Low Carb

Low Carb Diet For Type 1 Diabetes, A Personal Story

By November 6, 2017 No Comments
[Admin: Yassine came all the way from Belgium to attend our San Diego event in August 2017 and submitted this story about his daughter to us afterwards.  We felt we had to share it with you]


 our 11-year-old daughterOn August 19th 2016, our 11-year-old daughter was diagnosed with type 1 diabetes.  The care team at the hospital did a phenomenal job at nursing her back to health and training us in the main aspects of diabetes management, namely diet and insulin regimen.

One week later we were back home and implementing the diet we were taught, structured around specific amounts of carbs for each meal and snack and corresponding insulin doses.  We were using 4 daily injections of a fast-acting insulin (NovoRapid, similar to NovoLog, typically 22 units per day) and slow acting insulin (Lantus, typically 11 units at bed time).

During our training at the hospital the educators were very clear that the long-term complications of diabetes (retinopathy, nephropathy, micro and macro-vascular disease, etc.) were due to high blood sugars (>160mg/dL, aka “hyperglycemia”, or “hypers”) inflicting progressive damage to specific cells over years of poor glycemic control.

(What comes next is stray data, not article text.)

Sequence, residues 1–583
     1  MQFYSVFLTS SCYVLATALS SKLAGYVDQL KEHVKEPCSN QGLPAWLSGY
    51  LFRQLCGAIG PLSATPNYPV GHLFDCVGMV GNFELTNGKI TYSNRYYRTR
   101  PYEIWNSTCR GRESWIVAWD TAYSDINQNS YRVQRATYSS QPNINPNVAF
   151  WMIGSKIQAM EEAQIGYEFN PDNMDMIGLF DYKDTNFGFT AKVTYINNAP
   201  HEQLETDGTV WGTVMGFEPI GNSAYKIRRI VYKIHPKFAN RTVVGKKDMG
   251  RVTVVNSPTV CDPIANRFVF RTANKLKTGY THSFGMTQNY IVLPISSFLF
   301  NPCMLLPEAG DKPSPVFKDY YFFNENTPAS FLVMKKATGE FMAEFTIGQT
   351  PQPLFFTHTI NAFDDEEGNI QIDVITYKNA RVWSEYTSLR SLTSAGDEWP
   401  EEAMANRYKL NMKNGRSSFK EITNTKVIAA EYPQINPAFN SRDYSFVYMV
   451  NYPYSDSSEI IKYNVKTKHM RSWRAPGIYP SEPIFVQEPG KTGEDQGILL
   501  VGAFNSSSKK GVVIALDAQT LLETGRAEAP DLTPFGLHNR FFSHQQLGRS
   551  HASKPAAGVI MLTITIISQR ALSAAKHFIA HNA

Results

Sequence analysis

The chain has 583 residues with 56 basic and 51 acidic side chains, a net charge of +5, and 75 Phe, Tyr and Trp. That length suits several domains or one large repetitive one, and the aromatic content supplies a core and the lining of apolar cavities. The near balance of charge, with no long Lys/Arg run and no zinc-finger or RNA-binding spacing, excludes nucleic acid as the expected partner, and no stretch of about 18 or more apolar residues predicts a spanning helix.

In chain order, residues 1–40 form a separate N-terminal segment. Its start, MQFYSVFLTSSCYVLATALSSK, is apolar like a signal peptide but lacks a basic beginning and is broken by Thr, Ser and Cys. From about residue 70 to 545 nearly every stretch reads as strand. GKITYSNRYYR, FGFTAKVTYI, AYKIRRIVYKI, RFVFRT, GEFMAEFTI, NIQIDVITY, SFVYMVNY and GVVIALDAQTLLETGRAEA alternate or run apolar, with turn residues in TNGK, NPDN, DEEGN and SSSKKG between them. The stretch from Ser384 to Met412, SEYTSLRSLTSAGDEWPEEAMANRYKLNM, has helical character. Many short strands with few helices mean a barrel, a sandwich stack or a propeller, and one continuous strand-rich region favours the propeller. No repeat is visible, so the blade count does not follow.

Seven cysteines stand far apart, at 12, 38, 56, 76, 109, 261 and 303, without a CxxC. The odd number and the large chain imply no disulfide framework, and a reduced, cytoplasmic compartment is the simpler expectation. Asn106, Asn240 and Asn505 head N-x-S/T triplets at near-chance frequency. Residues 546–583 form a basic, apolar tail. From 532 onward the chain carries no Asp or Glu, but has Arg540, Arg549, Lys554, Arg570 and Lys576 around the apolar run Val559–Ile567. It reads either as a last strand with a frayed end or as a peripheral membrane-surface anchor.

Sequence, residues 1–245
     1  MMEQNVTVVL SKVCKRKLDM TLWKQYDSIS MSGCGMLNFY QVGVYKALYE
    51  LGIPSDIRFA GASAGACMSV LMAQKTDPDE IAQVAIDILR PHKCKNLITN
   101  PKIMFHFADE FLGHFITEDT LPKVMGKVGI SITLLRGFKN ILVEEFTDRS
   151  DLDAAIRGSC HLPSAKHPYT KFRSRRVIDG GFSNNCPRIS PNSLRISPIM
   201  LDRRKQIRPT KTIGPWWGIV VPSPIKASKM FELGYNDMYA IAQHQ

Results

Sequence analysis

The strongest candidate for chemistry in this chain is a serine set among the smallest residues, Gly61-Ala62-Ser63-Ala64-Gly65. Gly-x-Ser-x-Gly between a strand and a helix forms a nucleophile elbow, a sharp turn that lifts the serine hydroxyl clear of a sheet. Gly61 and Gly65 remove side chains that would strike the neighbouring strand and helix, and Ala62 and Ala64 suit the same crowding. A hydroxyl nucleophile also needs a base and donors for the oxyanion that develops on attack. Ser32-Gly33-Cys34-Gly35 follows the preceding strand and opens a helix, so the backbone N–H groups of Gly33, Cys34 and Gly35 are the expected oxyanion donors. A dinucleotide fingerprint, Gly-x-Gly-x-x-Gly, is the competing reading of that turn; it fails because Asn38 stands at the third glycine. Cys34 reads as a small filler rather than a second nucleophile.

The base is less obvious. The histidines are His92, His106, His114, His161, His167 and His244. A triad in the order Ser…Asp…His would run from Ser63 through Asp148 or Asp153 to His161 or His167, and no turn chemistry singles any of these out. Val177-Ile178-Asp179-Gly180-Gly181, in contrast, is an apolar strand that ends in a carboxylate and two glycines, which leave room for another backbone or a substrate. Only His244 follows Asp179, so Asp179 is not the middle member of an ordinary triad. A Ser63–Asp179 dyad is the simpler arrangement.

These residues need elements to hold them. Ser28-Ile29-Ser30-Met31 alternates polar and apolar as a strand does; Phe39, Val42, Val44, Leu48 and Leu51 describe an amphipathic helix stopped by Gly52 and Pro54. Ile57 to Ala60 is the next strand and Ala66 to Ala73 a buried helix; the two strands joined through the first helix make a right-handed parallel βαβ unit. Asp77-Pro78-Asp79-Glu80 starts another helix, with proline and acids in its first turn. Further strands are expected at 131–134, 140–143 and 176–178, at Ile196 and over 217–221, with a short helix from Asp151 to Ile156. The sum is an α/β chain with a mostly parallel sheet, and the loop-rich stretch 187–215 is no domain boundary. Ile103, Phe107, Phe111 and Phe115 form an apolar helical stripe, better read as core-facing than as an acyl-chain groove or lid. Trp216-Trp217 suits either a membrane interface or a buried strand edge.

Low blood sugars (<60mg/dL, aka “hypoglycemia” or “hypos”), in comparison, can create significant discomfort (dizziness, sweating, trembling, etc.) but our care team explained that they were not dangerous per se (unless a severe hypo happens while the diabetic is driving for example).

We were also taught that the key health metric used to track glycemic control was glycated hemoglobin (aka “HbA1c”).  It is a good estimation of the average blood sugar levels over approximately the last 3 months.  Healthy non-diabetic people typically have A1c values between 4.5 and 5.5%. diabetics are typically higher than 6.5%.  Most diabetes care official guidelines try to keep patients’ HbA1c levels below 7.5% for kids and 7% for adults.